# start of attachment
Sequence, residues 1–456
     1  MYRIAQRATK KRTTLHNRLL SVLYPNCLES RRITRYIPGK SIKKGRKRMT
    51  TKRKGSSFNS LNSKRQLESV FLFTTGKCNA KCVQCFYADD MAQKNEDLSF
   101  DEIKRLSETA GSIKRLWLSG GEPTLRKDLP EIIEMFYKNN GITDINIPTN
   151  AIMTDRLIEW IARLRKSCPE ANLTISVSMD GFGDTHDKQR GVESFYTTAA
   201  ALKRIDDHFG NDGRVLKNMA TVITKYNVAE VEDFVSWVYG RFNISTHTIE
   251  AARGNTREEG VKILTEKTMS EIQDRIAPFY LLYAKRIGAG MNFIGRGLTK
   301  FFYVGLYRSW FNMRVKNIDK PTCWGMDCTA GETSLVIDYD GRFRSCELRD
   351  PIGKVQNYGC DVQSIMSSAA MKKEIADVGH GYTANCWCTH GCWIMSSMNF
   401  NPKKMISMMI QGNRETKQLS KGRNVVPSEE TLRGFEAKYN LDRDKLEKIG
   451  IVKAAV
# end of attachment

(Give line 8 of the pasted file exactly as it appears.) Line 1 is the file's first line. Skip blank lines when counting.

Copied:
   301  FFYVGLYRSW FNMRVKNIDK PTCWGMDCTA GETSLVIDYD GRFRSCELRD